Gold lifts above $1300 an ounce

For most of 2018 no one wanted it and those that owned it; couldn’t wait to get rid of it, but

since the beginning of December last year the yellow metal has been back in high demand.

The price has risen from levels around $1200, to straddle $1300 an ounce as of the close last

Friday where it ended the week just above $1305 an ounce. To get a better indication of

that price action please take a look at the chart below where you can see just how that

rebound has unfolded over the past couple of months.

Gold has been and always will be sensitive to the cost of owning it, so that means when

interest rates rise, its allure fades, remembering that owning gold pays you nothing, no

coupon or dividend. Furthermore, there’s also a storage cost to consider too, unless its in

coins or bars under your bed! On the plus side gold is, and probably always will be, a ‘safe

haven’ investment. So, when risk aversion takes a grip as it most certainly did in the final

couple of months of last year, then gold attracts some of the capital that doesn’t find its way

back into pure cash.

However, as I just mentioned, gold was not a popular asset to hold for most of 2018 with

the Fed pushing US interest rates higher. It was unsurprising therefore that the metal should

have been shunned when 10year US yields lifted to 3.25%. More recently though, with US

bond yields falling back quite dramatically (US 10year yield currently at 2.75%) coupled with

the sell off in global equities in December, the demand for gold increased, leading us back to above that $1300 level.

There are other drivers at work here when it comes to demand for the metal, not least its

close correlations with the JPY and the USD, but I am not going to touch on those today.

Now, in regards to US interest rates, the US FOMC is due to cast their latest monetary policy

decision at 7pm on Wednesday. No one really expects any changes this time around

especially given the most recent ‘dovish’ rhetoric from Powell and his colleagues at the Fed.

Given this backdrop perhaps its is of little surprise that gold is still pushing higher even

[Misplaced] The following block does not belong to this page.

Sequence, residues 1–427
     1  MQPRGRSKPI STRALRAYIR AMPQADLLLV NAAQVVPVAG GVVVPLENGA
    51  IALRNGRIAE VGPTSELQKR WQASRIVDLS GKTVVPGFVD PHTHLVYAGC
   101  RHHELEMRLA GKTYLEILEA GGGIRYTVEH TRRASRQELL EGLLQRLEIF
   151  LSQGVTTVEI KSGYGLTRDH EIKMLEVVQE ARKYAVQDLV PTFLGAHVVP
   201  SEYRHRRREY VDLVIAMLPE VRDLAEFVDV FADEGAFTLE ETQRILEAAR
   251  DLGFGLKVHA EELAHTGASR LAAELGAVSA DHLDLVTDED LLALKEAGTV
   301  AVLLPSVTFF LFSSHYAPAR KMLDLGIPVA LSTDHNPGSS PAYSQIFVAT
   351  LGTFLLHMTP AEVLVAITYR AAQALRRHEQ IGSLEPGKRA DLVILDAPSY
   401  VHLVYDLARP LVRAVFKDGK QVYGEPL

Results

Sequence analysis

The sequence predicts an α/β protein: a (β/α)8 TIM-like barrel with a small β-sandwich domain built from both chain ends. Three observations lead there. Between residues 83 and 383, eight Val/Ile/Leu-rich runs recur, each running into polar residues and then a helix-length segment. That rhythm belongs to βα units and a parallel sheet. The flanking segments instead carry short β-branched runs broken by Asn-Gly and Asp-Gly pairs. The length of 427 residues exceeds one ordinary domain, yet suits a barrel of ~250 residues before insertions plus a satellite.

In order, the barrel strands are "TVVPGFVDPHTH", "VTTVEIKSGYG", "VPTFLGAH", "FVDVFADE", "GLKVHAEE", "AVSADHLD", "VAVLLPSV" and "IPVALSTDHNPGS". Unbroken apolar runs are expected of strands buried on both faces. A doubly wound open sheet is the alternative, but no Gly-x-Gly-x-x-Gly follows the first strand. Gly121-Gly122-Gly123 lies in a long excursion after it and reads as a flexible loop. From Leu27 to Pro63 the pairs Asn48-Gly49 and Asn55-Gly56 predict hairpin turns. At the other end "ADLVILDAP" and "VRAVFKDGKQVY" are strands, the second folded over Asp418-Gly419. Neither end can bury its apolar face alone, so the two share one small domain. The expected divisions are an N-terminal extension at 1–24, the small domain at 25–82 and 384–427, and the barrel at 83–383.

though the global equity market backdrop is more benign than it was in December. Maybe

gold is ahead of the curve in that respect? However, any inkling that the Fed is still looking

past the most recent events and those gold buyers of recent weeks might start to off load

again- we shall see.

Elsewhere this week it's another big week for UK politics and the pound. The recent rise to

above 1.3200 for the GBPUSD at the end of last week does seem to have run into some

profit taking ahead of another important technical level- this time it’s the 50week moving

average, coming in now at 1.3226 this morning which appears to be attracting fresh selling

interest. The GBPEUR appears to have also run into some selling resistance around 1.16 for

now too, but as with the GBPUSD; the latest upside move was largely predicated by a ‘short

squeeze,’ on the basis that the UK will not leave the EU on 29th March with no deal.

As to what finally emerges; it’s as much in the air as it ever was as far as I can see, so of

course this latest sterling rebound is subject to an immediate volte face should the news

warrant it. From a personal perspective I have hedged some of those dollar liabilities as I

said I would and like others I suspect; I will now wait before making a decision on any

further action.

Beyond the UK it’s potentially a busy week this week with the US Federal Reserve's policy

decision, GDP and unemployment reports highlighting the agenda. Outside of what the US

central bank doesn’t deliver this week, its worth remembering that the US unemployment

data could have been impacted significantly by the recent government shutdown.

The one non UK and US event/release that certainly has my full attention this week will be

the latest Chinese manufacturing PMI number (due out at 1am on 2/2) because that could

set the immediate tone for the equity markets and risk either way, especially if there’s

further evidence that Chinese output is continuing to contract. Below is list of the main

releases due this week.

Important Economic releases due this week

28/1- 2pm- ECB’s Mario Draghi addresses EU parliament in Brussels

29/1- 3pm- US January consumer confidence index

30/1- 12.30am- Australian Q4 CPI inflation report

30/1-1.15pm- US ADP January private payroll report

30/1- 1.30pm- US Q4 2018 GDP (expected lower- at 2.6% from earlier 3.4% estimate)

30/1- 7pm- US FOMC monetary policy decision (expected unchanged)

30/1- 7.30pm- US FOMC post monetary policy decision press conference

1/2- 1.00am- Chinese January manufacturing PMI

1/2- 10am- Eurozone Q4 2018 GDP estimate (expected unchanged at 0.2%)

1/2- 1.30pm- Canadian December annualised GDP estimate

2/2- 10am- Eurozone January CPI inflation report

2/2- 1.30pm- US January non farm payrolls and monthly job report

2/2- 3pm- US January ISM manufacturing index